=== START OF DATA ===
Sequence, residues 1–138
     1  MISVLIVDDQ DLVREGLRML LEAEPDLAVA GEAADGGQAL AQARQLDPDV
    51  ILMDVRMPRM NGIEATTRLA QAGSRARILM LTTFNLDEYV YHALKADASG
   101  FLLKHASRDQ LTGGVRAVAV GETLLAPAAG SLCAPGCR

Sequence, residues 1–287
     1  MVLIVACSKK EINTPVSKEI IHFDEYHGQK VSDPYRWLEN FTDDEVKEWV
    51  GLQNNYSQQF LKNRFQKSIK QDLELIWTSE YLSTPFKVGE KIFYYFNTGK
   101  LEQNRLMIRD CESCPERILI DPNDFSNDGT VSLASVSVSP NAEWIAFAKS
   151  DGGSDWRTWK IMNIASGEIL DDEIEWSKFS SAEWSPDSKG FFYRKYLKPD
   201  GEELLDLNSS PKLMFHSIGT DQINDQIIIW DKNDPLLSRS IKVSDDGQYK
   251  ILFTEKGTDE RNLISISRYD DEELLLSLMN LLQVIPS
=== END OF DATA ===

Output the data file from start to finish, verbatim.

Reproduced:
Sequence, residues 1–138
     1  MISVLIVDDQ DLVREGLRML LEAEPDLAVA GEAADGGQAL AQARQLDPDV
    51  ILMDVRMPRM NGIEATTRLA QAGSRARILM LTTFNLDEYV YHALKADASG
   101  FLLKHASRDQ LTGGVRAVAV GETLLAPAAG SLCAPGCR

Sequence, residues 1–287
     1  MVLIVACSKK EINTPVSKEI IHFDEYHGQK VSDPYRWLEN FTDDEVKEWV
    51  GLQNNYSQQF LKNRFQKSIK QDLELIWTSE YLSTPFKVGE KIFYYFNTGK
   101  LEQNRLMIRD CESCPERILI DPNDFSNDGT VSLASVSVSP NAEWIAFAKS
   151  DGGSDWRTWK IMNIASGEIL DDEIEWSKFS SAEWSPDSKG FFYRKYLKPD
   201  GEELLDLNSS PKLMFHSIGT DQINDQIIIW DKNDPLLSRS IKVSDDGQYK
   251  ILFTEKGTDE RNLISISRYD DEELLLSLMN LLQVIPS